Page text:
Trump unlikely to find much Turkish delight in talks with Erdogan

The Turkish leader may have been looking forward to a more solid engagement from Trump.

Threatening escalation. Turkish President Recep Tayyip Erdogan gestures as he gives a speech during the Atlantic Council summit in Istanbul, last April. (AFP)


2017/05/14 Issue: 106 Page: 14


The Arab Weekly
Harvey Morris



London - Turkish President Recep Tayyip Erdogan had said he was looking forward to turning a new page in US-Turkish relations now that Donald Trump is in charge in Wash­ington, but, as relations have nose­dived, the meeting between the two presidents may be more about clos­ing the book.

Erdogan’s remarks, made at the annual Istanbul summit of the At­lantic Council think-tank at the end of April, came the same week that Turkish warplanes targeted forces of the Kurdish People’s Protec­tion Units (YPG) militia, the United States’ most effective ally in north­ern Syria against the jihadists of the Islamic State (ISIS).

The attack, which killed 20 YPG fighters, was condemned by Wash­ington, as was a raid against an area of northern Iraq the same week in which five Iraqi Kurdish peshmerga were unintended victims.

On May 10, Erdogan threatened to escalate military action against US allies in Syria after the Trump ad­ministration’s decision to provide the YPG with heavy weapons and high-tech equipment for an escalat­ing offensive against Raqqa, the ISIS capital in Syria, despite Ankara’s protests at arming what it considers to be a terrorist organisation.

The US State Department said the incidents had been raised at the highest level with the Turkish gov­ernment. Not only were the raids not fully coordinated with the anti- ISIS coalition — or not coordinated at all — they had put US soldiers on the ground at risk, the State Depart­ment said.

The Syrian Kurds are demanding US-enforced no-fly zones to protect them from Turkish attacks, while threatening to halt their advance on Raqqa if the Turkish strikes con­tinue.

The diplomatic spat over the raids provides the unpromising backdrop to Erdogan’s first meeting with Trump in Washington in mid- May.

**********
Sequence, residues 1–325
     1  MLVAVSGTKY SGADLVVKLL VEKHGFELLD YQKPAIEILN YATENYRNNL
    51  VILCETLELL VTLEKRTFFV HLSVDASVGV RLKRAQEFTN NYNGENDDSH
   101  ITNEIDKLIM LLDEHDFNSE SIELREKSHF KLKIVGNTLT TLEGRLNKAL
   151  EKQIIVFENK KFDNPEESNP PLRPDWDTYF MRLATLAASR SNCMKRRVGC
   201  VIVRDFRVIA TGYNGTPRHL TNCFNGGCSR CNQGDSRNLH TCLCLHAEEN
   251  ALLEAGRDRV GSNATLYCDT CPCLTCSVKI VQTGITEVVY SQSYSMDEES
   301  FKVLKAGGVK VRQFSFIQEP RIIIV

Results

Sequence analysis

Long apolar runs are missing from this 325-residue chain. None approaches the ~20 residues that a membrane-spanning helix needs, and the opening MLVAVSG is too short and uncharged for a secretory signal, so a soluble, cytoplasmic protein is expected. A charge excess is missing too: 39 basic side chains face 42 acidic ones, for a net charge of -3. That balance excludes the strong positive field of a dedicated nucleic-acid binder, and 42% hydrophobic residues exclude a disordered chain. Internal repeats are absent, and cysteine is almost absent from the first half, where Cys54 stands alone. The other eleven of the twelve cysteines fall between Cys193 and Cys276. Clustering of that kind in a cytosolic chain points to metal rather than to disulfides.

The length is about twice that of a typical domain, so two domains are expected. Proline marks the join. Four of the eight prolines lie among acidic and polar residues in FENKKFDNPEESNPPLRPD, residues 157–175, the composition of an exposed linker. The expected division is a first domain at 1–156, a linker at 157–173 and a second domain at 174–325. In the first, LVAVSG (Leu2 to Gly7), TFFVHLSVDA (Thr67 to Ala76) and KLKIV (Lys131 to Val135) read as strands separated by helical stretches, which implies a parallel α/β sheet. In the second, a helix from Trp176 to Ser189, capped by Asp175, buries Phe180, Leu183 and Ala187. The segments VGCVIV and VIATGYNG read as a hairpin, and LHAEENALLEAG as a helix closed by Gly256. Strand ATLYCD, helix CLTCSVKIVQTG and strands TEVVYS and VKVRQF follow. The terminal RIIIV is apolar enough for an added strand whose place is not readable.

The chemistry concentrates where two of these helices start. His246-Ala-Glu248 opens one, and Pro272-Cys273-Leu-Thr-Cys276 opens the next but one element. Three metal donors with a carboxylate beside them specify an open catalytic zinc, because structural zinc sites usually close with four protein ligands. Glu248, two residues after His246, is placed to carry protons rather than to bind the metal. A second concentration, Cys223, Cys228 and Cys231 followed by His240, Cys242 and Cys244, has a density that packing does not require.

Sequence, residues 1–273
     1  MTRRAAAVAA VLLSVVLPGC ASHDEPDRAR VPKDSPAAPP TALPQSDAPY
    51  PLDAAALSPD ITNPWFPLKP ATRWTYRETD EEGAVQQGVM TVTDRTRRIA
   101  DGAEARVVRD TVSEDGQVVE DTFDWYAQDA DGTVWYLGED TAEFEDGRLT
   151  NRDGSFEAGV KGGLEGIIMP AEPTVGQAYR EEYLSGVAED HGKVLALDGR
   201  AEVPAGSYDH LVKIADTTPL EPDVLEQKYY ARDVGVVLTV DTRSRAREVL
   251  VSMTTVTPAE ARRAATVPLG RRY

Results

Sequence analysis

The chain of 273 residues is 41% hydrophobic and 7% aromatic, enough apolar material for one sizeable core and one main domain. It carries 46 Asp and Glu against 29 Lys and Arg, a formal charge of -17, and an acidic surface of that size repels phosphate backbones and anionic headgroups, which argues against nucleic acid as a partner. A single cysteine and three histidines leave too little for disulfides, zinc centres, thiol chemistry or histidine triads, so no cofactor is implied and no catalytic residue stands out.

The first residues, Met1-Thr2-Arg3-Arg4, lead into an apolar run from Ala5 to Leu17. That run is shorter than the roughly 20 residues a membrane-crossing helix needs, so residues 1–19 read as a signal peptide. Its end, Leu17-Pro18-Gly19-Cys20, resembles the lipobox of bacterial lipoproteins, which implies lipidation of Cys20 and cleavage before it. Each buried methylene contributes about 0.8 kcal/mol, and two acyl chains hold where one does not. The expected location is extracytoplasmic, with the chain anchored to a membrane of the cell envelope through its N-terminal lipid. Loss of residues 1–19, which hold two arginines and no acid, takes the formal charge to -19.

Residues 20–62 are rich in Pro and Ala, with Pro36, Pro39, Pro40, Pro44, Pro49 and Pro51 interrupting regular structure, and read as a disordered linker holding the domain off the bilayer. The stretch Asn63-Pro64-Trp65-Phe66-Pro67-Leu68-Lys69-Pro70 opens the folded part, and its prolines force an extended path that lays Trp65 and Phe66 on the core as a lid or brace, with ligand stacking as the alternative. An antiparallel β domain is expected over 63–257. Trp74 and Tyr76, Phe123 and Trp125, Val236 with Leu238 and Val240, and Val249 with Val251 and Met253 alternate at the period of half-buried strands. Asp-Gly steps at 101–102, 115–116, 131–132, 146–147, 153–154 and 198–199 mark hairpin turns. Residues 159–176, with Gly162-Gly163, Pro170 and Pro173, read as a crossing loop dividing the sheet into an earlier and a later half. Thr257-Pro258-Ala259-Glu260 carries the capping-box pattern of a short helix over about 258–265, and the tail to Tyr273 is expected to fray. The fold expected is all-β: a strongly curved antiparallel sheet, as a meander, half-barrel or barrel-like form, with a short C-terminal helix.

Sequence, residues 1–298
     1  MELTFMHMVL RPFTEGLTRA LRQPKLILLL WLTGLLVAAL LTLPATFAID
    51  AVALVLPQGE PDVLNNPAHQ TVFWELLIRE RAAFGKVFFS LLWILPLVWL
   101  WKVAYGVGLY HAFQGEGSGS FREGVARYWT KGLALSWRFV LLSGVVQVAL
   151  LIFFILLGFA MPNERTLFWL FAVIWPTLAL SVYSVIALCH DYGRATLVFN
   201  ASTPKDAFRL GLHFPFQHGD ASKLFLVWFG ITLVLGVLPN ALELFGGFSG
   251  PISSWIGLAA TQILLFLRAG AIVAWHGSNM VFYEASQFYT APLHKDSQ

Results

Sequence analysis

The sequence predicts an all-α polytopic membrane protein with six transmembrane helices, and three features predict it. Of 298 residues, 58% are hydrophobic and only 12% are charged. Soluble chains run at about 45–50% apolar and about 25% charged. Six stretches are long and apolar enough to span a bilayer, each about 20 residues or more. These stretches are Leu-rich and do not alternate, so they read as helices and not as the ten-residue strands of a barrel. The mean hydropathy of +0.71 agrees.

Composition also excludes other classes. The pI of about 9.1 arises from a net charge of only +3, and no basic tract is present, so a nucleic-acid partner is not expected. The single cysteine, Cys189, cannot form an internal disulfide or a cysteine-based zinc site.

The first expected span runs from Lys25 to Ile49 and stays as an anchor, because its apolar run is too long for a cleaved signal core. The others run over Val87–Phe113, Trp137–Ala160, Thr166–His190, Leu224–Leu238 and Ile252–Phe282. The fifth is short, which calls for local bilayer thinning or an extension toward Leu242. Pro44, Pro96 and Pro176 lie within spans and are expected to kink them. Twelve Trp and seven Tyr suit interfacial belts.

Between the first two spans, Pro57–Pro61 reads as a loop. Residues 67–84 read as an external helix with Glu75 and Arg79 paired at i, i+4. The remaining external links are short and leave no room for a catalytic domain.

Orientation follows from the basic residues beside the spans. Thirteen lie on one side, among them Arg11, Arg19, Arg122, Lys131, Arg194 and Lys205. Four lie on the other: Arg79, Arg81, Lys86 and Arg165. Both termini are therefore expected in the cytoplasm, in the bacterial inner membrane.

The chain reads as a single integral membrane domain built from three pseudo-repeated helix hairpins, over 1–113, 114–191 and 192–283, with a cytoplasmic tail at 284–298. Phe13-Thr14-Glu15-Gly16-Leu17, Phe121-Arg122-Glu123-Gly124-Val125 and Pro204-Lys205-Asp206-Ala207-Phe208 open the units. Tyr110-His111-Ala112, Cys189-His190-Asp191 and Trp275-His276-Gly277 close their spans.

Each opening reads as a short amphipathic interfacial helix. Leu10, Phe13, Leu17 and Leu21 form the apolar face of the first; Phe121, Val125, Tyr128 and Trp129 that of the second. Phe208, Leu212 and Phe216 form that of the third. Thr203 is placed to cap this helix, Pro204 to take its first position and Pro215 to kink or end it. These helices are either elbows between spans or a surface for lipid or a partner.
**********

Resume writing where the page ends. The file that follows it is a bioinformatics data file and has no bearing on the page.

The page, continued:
Using his Istanbul speech to set out the agenda for his talks with the US president, Erdogan called on the United States to halt its support for the YPG and its political wing, the Democratic Union Party (PYD).

“Under the pretext of the fight against [ISIS], we will not be toler­ating any cooperation with another terrorist organisation,” Erdogan said. Saying that such cooperation undermined good US-Turkish re­lations, he added: “We cannot be holding hands with a terrorist or­ganisation to defeat another terror­ist organisation.”

Erdogan said he planned to tell Trump that focusing the fight only on ISIS would be a mistake.

The dispute has given rise to the phenomenon of US special forces deploying on the ground to act as a buffer between the Kurdish fighters and the forces of a NATO ally, Tur­key.

US-Turkish relations cooled dur­ing the Obama administration be­cause of the reluctance of the for­mer president to take action against the regime of Bashar Assad in Syria as well as the continuing presence in the United States of cleric Fethul­lah Gulen, accused by Turkey of being behind the failed 2016 coup against Erdogan.

The Turkish leader may have been looking forward to a more solid engagement from Trump, particularly after the US president’s order launching missile strikes in retaliation for Assad’s alleged use of chemical weapons on April 4.

Erdogan may even have hoped he could exploit Trump’s apparent preference for one-on-one deal-making with other world leaders to sway US policies.

Trump controversially called to congratulate Erdogan on winning the recent national referendum that greatly expanded his presiden­tial powers, a sentiment that did not appear to be shared elsewhere in the US administration.

So, the Washington visit may prove to be more confrontational than conciliatory.

While Erdogan is in the US capi­tal, the State and Defence depart­ments are likely to try to block the White House from making state­ments or taking initiatives that would weaken the US-Kurdish alli­ance.

The broader US administration and its military chiefs are relying on the US-backed Syrian Democratic Forces (SDF), dominated by the YPG, to spearhead the final assault to oust ISIS from Raqqa.

Erdogan argues, however, that if the United States and Turkey joined forces they could turn Raqqa into the graveyard of ISIS.

The reality on the ground is that Turkey — focused on its fight against the YPG and its own Kurdis­tan Workers’ Party (PKK) rebels — is proving more of a hindrance than a help.

The US-backed SDF, an alliance of Kurdish and Arab militias, an­nounced on May 10 that it had cap­tured Tabqa, a strategic strongpoint 40km from Raqqa. That advance was only made possible with the active support of the Americans.

For the time being, the Ameri­cans are standing up to the Turk­ish bluster and pressuring Erdogan to suspend further threatened air strikes against the YPG.

Erdogan, for his part, has ex­pressed “sadness” at television footage showing US forces operat­ing alongside the Kurds. Ankara has since threatened more air strikes unless the United States backs down.

Erdogan’s pitch to Trump will be that the United States would be better off relying on its Turkish ally than on a doubtful alliance with ter­rorists. He may also portray the US policy of backing the YPG as part of a failed Obama strategy that Trump should now overturn.

How Trump responds to Erdog­an’s blandishments and his increas­ingly aggressive behaviour is, as ever, anybody’s guess.


Harvey Morris has worked in the Middle East, including Iran and Lebanon, for many years and written several books on the region, including No Friends but the Mountains published in 1993.


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